Asian private equity firms plan to spend less on cybersecurity this year, even as their peers elsewhere look to boost their outlay in this area, according to a survey* from PE fund administrator Augentius. This could leave their clients' investments more vulnerable to hacks.

The paper, due for release today, polled both investors and managers and highlighted other findings on market sentiment, Brexit and industry challenges. 

The bulk of European and American managers raised their cybersecurity spending during the last year and intend to do the same over 2018, noted the report. “However, the trend is worryingly reversed among managers in Asia.” (See figure 1 below.)

Figure 1: GP spending on cybersecurity and technology
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“2017 saw a notable spike in cybercrime, both in terms of the volume and scale of attacks,” noted Augentius. “The private equity and real estate industry is increasingly realising that is it a prime target for attacks, and that outdated approaches to infrastructure and security are leaving it uniquely vulnerable.”

A slight majority of Asian PE firms invested less in 2017 than the year before, and an even larger majority intend to spend less in 2018, according to the report. 

The survey received about 100 responses across general partners (PE managers) and limited partners (investors) globally, 17% of which came from Asian GPs, 20% from LPs, 33% from US GPs and 30% from European GPs. 

“Asian GPs have been making far less investment in cybersecurity than those in Europe or the US,” noted David Bailey, London-based head of communications, marketing and product development at Augentius. “Only 36% are planning to invest more this year in this area.”

Attacks on PE firms can take various forms, Bailey told AsianInvestor: one example is that criminals have created fake investor-drawdown notices and redirected the proceeds.

Limited partners—that is, investors—may want to ensure their PE managers are doing all they can to secure their systems against hackers. Interestingly, though, LPs globally put cybersecurity relatively low on their list of concerns: this year just a quarter named it among their biggest challenges, down from 38% in 2017.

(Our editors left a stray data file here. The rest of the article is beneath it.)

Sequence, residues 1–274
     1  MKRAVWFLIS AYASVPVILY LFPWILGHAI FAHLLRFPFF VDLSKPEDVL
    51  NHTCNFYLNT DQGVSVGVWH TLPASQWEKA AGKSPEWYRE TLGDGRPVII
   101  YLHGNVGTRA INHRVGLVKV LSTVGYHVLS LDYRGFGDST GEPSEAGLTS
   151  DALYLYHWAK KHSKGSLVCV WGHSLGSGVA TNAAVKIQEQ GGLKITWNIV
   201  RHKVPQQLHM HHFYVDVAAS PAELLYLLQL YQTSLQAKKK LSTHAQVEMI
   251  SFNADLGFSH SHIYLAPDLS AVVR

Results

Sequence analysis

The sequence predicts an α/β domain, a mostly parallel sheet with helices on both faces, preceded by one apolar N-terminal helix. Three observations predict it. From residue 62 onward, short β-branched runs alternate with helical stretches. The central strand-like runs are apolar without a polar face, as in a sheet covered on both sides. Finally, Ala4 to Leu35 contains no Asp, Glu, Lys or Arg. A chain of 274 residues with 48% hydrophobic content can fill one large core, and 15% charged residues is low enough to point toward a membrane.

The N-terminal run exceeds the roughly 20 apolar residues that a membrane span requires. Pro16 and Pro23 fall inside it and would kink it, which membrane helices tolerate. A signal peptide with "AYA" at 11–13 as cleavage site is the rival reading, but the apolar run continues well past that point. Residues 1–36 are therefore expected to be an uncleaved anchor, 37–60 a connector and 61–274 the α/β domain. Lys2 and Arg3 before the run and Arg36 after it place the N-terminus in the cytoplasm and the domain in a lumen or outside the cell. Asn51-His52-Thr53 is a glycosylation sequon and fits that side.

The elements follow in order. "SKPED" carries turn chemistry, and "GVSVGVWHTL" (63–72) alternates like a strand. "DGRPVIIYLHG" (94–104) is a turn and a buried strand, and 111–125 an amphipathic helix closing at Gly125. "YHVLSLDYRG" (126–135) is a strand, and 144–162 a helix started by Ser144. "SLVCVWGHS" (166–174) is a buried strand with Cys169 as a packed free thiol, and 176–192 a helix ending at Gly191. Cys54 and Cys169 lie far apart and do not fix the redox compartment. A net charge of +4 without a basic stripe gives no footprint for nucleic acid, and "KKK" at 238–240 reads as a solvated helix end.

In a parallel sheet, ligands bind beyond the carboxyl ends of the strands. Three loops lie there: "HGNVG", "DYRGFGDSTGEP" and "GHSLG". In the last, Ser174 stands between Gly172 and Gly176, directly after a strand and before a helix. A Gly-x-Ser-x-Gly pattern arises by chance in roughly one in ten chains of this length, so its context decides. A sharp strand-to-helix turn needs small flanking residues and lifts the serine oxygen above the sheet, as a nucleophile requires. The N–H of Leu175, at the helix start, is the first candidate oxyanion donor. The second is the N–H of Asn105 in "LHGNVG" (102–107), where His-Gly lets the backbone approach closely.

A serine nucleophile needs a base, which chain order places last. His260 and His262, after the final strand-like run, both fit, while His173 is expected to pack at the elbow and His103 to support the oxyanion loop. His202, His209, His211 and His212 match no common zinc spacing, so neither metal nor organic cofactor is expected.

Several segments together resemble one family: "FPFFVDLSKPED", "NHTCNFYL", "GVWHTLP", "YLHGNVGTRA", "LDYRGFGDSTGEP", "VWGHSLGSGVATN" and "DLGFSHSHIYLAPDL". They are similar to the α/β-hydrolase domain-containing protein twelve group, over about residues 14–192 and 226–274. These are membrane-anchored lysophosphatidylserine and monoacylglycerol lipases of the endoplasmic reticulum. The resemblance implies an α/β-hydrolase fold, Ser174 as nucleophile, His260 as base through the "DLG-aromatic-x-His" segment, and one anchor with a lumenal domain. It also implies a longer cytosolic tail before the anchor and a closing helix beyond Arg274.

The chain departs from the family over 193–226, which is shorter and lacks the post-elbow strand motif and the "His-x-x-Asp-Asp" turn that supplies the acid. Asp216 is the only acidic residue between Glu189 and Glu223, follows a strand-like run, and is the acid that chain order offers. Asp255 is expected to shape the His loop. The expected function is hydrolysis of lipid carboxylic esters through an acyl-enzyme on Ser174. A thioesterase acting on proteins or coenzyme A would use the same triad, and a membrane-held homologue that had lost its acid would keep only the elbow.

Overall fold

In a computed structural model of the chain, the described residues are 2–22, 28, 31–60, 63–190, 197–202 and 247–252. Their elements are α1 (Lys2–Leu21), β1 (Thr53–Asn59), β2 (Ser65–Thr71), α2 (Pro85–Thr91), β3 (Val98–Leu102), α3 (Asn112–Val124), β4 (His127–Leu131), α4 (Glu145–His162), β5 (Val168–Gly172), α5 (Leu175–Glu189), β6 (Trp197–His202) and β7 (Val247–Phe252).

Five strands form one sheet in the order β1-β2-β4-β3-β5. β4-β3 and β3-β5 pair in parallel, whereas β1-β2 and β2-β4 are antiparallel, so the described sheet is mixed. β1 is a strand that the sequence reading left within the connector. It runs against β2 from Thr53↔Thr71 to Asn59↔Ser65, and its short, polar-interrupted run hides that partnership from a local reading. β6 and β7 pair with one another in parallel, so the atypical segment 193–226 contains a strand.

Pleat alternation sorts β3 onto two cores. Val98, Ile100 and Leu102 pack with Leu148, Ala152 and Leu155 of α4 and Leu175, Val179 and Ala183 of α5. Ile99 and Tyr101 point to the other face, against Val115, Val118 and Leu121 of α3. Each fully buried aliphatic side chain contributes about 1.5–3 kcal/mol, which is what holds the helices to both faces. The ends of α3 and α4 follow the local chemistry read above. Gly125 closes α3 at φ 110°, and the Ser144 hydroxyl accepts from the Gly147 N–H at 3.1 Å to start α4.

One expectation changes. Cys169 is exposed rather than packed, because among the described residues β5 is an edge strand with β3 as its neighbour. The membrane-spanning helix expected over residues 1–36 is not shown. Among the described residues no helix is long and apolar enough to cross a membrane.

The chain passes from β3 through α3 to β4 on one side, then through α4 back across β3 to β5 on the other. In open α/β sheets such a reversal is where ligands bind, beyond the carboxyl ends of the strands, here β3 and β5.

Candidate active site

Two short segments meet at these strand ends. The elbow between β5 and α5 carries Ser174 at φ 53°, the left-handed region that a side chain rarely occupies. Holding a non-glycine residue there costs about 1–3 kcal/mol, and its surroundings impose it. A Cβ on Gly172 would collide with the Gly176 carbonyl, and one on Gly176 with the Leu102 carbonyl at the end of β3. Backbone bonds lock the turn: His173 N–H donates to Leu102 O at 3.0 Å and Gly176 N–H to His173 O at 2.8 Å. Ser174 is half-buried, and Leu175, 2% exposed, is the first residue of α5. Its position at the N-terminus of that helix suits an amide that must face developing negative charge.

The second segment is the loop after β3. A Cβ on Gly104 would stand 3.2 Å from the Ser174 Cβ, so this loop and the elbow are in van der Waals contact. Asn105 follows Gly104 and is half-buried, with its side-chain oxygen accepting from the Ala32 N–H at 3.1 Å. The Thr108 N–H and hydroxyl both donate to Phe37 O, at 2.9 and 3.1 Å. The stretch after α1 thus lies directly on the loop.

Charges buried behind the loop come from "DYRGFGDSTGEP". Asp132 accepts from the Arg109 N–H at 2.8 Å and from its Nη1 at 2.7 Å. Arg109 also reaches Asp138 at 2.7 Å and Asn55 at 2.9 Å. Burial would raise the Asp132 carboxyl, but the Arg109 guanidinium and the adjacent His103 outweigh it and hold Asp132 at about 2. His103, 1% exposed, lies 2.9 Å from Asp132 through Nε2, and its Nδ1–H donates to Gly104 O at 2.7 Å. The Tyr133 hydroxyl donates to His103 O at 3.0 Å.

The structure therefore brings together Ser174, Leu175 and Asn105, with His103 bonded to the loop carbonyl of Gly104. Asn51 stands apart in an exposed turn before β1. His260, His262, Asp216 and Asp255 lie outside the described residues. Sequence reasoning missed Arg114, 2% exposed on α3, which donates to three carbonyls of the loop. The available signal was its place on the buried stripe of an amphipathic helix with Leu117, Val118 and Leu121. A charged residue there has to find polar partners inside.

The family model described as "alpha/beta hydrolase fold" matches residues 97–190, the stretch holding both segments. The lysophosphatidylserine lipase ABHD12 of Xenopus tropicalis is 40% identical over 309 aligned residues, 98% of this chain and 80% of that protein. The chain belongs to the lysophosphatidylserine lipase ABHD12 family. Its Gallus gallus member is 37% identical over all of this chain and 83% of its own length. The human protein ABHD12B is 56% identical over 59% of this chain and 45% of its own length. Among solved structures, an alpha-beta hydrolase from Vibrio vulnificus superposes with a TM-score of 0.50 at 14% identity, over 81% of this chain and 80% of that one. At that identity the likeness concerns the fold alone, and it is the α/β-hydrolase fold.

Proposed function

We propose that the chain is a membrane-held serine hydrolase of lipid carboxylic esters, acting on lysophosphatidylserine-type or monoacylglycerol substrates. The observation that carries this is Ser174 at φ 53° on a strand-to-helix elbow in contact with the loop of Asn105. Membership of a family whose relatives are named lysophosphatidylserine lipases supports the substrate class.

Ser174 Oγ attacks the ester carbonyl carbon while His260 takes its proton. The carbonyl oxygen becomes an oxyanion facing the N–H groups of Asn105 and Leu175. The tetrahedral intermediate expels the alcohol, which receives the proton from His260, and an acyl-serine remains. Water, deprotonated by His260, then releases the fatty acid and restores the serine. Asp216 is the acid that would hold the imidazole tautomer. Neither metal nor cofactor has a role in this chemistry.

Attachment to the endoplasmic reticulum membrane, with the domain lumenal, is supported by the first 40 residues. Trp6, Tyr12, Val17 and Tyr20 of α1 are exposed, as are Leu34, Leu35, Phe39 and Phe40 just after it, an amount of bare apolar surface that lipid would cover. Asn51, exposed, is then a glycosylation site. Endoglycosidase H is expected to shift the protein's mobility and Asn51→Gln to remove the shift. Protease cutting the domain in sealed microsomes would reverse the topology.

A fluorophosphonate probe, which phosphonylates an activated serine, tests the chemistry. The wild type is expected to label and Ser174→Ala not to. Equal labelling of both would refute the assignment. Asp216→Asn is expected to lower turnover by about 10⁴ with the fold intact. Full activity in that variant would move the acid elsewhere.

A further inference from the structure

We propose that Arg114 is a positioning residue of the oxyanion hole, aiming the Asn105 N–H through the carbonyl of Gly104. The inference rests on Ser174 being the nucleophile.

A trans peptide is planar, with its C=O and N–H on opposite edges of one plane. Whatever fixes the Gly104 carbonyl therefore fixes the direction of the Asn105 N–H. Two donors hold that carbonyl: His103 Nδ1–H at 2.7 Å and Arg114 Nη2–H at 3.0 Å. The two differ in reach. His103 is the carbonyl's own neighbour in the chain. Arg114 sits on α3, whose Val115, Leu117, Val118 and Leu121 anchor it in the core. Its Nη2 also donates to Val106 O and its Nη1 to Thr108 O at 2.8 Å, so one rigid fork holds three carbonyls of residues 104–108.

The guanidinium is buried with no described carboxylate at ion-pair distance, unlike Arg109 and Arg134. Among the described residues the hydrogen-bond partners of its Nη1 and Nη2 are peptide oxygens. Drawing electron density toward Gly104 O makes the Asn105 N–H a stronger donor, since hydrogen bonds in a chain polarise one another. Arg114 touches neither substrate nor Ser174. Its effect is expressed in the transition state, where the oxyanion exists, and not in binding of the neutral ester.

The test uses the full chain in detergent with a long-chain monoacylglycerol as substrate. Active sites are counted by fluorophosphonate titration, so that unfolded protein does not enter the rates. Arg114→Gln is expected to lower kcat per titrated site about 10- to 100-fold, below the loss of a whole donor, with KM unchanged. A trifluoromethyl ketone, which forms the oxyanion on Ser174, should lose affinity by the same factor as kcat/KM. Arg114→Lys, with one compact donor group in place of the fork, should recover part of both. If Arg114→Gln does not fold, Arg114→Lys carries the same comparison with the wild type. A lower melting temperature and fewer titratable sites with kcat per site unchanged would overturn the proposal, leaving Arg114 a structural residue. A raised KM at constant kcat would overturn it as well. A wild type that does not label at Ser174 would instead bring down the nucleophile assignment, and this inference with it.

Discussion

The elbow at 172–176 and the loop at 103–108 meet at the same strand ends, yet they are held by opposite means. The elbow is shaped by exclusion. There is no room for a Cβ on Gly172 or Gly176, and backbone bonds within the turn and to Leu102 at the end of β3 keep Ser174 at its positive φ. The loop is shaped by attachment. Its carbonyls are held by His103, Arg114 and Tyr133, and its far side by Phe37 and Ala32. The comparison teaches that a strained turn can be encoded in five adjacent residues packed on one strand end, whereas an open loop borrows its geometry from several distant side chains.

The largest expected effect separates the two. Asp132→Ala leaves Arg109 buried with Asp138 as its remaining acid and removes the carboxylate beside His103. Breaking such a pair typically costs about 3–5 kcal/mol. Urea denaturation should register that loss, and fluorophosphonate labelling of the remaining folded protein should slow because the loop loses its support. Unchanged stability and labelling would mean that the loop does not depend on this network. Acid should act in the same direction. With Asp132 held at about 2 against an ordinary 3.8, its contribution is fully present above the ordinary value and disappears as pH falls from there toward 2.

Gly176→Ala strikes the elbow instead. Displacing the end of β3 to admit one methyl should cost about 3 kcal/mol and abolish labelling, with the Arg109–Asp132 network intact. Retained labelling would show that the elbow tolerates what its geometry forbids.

BULLISH ASIA GPS

The lag in cybersecurity investment among Asian GPs comes despite the fact that PE managers in the region are notably bullish on their prospects in 2018 after a good year. GPs in the region had a better-than-expected 2017, said Bailey. 

Indeed, PE managers in Asia are more optimistic than those in Europe and the US about the market climate this year; and globally GPs in general are far more positive than LPs (see figures 2 and 3 below).

Figure 2: Market climate, 2017 vs 2016
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Figure 3: Market climate, 2018 vs 2017
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“LPs will be worried about Brexit and the American political situation,” Bailey said. “The world is not a terribly happy place at the moment, and I think all of that is feeding through into their more bearish answer.” Indeed, LPs view 'investment opportunities' as their biggest challenge this year, with 75% citing it, up from 50% in 2017.

Meanwhile, GPs' bullishness is reflected by the number of managers looking to raise capital in the region this year, and the amount they are targeting. Asia-focused funds are seeking more than a third ($266 billion) of the $744 billion being targeted globally and represent seven of the 10 largest vehicles raising money, according to research house Preqin. Last year Asia-focused funds raised $64 billion of the record-high $453 billion raised globally.

The Augentius survey also polled respondents on the effect of Britain's planned exit from the EU.

While just over half (55%) of Asian PE firms said they had seen no real impact from Brexit, curiously around a third (36%) said it had made investment harder. Just 17% of European managers said the same, while 39% of them said it had made fundraising more difficult, as one might expect it to.

For Asian PE managers, Brexit is unlikely to have a big impact from a fundraising perspective, suggested Bailey, as not many marketing their funds into continental Europe.